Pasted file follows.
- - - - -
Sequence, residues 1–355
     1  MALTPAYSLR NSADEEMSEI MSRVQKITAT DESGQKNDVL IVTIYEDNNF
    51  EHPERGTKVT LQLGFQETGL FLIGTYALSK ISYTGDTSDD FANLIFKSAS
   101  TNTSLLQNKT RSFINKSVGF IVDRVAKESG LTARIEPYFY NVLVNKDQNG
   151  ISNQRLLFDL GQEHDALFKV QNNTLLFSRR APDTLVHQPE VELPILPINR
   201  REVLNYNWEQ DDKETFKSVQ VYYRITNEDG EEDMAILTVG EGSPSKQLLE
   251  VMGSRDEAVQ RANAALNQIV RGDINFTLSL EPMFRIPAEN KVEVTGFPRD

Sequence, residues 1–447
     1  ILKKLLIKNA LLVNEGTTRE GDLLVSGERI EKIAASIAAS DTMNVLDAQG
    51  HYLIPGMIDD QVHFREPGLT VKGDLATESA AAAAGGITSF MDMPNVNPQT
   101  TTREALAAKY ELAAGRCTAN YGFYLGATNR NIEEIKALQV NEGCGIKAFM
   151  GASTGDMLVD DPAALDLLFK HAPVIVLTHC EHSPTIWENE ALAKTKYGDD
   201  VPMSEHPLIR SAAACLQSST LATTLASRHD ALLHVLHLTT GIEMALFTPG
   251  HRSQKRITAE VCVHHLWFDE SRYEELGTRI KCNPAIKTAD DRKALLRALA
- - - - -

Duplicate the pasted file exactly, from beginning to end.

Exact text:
Sequence, residues 1–355
     1  MALTPAYSLR NSADEEMSEI MSRVQKITAT DESGQKNDVL IVTIYEDNNF
    51  EHPERGTKVT LQLGFQETGL FLIGTYALSK ISYTGDTSDD FANLIFKSAS
   101  TNTSLLQNKT RSFINKSVGF IVDRVAKESG LTARIEPYFY NVLVNKDQNG
   151  ISNQRLLFDL GQEHDALFKV QNNTLLFSRR APDTLVHQPE VELPILPINR
   201  REVLNYNWEQ DDKETFKSVQ VYYRITNEDG EEDMAILTVG EGSPSKQLLE
   251  VMGSRDEAVQ RANAALNQIV RGDINFTLSL EPMFRIPAEN KVEVTGFPRD

Sequence, residues 1–447
     1  ILKKLLIKNA LLVNEGTTRE GDLLVSGERI EKIAASIAAS DTMNVLDAQG
    51  HYLIPGMIDD QVHFREPGLT VKGDLATESA AAAAGGITSF MDMPNVNPQT
   101  TTREALAAKY ELAAGRCTAN YGFYLGATNR NIEEIKALQV NEGCGIKAFM
   151  GASTGDMLVD DPAALDLLFK HAPVIVLTHC EHSPTIWENE ALAKTKYGDD
   201  VPMSEHPLIR SAAACLQSST LATTLASRHD ALLHVLHLTT GIEMALFTPG
   251  HRSQKRITAE VCVHHLWFDE SRYEELGTRI KCNPAIKTAD DRKALLRALA